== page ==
The EIA’s latest tool for tracking crude shipments by rail shows massive increases in the past five years
The Energy Information Administration (EIA) announced that it will begin providing monthly data on rail movements of crude oil. The EIA has also released data on the growth of crude-by-rail (CBR) since 2010, showing exponentially growth in that time. CBR activity is tracked between pairs of Petroleum Administration for Defense District (PADD) regions (inter-PADD), within each region (intra-PADD) and across the U.S.-Canada border.
In 2010, the Williston Basin in North Dakota was the primary origin of the 55 MBOPD of CBR shipments. Rail tank cars were used mainly to move Bakken crude oil to the pipeline hub in Cushing, Oklahoma, with the remaining volumes being moved to the Gulf Coast and East Coast.
CBR quickly expanded in 2011, more than doubling from 2010 levels to 124 MBOPD. Shipments inside PADD 2 and from PADD 2 to PADD 3 (Gulf Coast refineries) accounted for most of the movement. Movement from the Midwest to the Gulf increased more than 400% to 36 MMBOPD in 2011. Bakken CBR to refineries on the East and West coasts both increased more than 200% from the previous year.
CBR shipments made another massive leap in 2012, with a total volume of 440 MBOPD, more than triple the amount from 2011. Almost all of the growth came from the Midwest PADD 2. The largest flow was from Midwest PADD 2 to PADD 3 in the Gulf. Crude by rail from Canada to U.S. refiners continue to expand, as did Niobrara crude from PADD 4.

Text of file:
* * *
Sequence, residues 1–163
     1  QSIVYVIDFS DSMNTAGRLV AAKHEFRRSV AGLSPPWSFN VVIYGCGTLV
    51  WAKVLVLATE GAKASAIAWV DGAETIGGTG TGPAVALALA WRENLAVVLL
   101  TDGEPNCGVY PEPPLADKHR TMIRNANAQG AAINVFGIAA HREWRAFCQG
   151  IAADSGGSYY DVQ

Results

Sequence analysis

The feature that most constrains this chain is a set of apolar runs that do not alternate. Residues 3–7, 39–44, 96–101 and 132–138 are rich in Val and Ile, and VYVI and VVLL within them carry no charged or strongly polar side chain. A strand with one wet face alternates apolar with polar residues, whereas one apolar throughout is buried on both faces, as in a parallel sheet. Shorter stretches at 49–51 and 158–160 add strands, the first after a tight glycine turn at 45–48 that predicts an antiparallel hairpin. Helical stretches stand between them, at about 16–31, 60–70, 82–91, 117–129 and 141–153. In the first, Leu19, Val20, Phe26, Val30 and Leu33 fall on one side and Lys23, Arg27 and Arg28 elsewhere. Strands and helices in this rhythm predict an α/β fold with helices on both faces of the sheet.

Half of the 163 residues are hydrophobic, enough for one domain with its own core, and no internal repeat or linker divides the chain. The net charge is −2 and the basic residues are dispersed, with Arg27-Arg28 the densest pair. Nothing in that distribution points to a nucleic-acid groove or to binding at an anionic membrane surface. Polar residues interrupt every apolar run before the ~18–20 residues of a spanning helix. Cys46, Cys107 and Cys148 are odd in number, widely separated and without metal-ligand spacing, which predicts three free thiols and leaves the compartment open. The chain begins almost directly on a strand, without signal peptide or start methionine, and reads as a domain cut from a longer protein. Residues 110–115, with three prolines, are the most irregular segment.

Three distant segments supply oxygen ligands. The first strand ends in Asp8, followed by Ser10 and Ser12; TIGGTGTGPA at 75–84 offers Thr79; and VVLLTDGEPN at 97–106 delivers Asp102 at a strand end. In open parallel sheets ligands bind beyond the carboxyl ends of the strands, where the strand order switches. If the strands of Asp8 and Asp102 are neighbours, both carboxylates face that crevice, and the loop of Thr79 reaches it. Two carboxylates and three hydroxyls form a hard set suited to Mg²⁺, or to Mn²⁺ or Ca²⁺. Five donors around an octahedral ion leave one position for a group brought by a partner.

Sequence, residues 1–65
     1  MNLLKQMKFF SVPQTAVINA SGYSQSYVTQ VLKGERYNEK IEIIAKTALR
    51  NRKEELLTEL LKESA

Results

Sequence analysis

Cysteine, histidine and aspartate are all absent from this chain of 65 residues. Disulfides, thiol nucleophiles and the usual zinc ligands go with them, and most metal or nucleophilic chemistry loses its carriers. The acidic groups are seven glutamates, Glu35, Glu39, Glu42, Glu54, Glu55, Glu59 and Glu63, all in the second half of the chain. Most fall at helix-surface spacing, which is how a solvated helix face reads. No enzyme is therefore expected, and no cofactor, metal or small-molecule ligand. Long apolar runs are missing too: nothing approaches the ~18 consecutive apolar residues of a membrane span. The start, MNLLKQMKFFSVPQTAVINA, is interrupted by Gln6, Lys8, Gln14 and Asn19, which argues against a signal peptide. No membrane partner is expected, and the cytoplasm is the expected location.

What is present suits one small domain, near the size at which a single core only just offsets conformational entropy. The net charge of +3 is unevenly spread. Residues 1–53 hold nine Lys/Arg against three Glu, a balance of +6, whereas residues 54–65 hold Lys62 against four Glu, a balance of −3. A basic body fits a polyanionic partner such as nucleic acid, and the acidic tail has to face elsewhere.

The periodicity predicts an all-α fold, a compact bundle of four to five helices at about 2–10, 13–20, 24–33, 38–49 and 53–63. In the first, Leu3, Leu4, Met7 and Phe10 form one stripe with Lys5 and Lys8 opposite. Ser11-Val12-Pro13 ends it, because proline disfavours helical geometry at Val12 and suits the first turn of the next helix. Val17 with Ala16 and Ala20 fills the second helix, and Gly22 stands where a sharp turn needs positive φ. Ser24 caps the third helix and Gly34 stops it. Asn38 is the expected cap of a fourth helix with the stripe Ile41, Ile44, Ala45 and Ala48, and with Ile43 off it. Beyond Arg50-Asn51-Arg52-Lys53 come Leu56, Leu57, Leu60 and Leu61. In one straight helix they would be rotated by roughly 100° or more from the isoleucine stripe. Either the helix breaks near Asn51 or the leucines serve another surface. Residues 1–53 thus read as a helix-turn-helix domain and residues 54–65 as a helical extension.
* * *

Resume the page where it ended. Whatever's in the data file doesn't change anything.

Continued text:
Total CBR movements nearly doubled again in 2013, reaching 816 MBOPD. Gulf Coast refineries received 352 MBOPD, or 43% of all crude moving by rail. Bakken crude from PADD 2 to coastal refineries dominated CBR shipments in 2013.
Growth in total CBR movements slowed in 2014, but the average CBR volume exceeded 1,000 MBOPD. Bakken crude from PADD 2 continued to dominate flows making up 70% of CBR volumes. Niobrara crude from PADD 4 grew in importance as the second-largest origin for rail shipments. East Coast refineries (PADD 1) were the primary destination for CBR receipts in 2014.
Growing pains in the Williston
Despite the massive growth in CBR volumes from the Williston Basin, production growth continues to outstrip transportation capacity. The Basin’s infrastructure almost immediately fell behind after the initial production boom in 2010, making Bakken crude more difficult to get to market. Because of the lacking infrastructure and sometimes harsh conditions in the region, the North Dakota budget estimations take a 15% discount to West Texas Intermediate.
Overall, 58% of oil transported out of the Williston Basin was taken by rail. Pipelines were responsible for transporting 35% of the crude oil that was produced in the region, while the Tesoro (ticker: TSO) refinery processed 6% of production and just 1% was transported by truck to Canadian pipelines.
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